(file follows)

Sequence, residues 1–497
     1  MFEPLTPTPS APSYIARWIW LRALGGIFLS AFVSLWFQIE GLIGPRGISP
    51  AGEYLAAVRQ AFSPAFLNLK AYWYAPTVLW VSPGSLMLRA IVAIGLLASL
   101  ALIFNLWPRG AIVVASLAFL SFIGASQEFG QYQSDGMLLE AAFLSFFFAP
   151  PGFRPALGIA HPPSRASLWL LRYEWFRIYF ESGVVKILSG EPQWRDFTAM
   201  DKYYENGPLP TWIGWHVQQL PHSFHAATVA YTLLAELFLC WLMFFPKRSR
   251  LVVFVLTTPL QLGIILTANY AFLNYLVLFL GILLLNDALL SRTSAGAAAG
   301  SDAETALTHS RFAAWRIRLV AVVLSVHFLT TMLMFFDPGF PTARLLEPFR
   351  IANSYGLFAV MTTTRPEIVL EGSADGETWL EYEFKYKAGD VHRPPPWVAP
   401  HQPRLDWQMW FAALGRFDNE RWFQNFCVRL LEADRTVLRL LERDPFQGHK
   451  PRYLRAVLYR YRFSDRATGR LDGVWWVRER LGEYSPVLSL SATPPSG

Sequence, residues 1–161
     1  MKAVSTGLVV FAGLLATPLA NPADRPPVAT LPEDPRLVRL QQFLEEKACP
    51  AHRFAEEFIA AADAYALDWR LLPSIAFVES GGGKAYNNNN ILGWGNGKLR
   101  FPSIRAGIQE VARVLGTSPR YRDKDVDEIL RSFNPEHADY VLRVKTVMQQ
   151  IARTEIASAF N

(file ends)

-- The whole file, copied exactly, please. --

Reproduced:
Sequence, residues 1–497
     1  MFEPLTPTPS APSYIARWIW LRALGGIFLS AFVSLWFQIE GLIGPRGISP
    51  AGEYLAAVRQ AFSPAFLNLK AYWYAPTVLW VSPGSLMLRA IVAIGLLASL
   101  ALIFNLWPRG AIVVASLAFL SFIGASQEFG QYQSDGMLLE AAFLSFFFAP
   151  PGFRPALGIA HPPSRASLWL LRYEWFRIYF ESGVVKILSG EPQWRDFTAM
   201  DKYYENGPLP TWIGWHVQQL PHSFHAATVA YTLLAELFLC WLMFFPKRSR
   251  LVVFVLTTPL QLGIILTANY AFLNYLVLFL GILLLNDALL SRTSAGAAAG
   301  SDAETALTHS RFAAWRIRLV AVVLSVHFLT TMLMFFDPGF PTARLLEPFR
   351  IANSYGLFAV MTTTRPEIVL EGSADGETWL EYEFKYKAGD VHRPPPWVAP
   401  HQPRLDWQMW FAALGRFDNE RWFQNFCVRL LEADRTVLRL LERDPFQGHK
   451  PRYLRAVLYR YRFSDRATGR LDGVWWVRER LGEYSPVLSL SATPPSG

Sequence, residues 1–161
     1  MKAVSTGLVV FAGLLATPLA NPADRPPVAT LPEDPRLVRL QQFLEEKACP
    51  AHRFAEEFIA AADAYALDWR LLPSIAFVES GGGKAYNNNN ILGWGNGKLR
   101  FPSIRAGIQE VARVLGTSPR YRDKDVDEIL RSFNPEHADY VLRVKTVMQQ
   151  IARTEIASAF N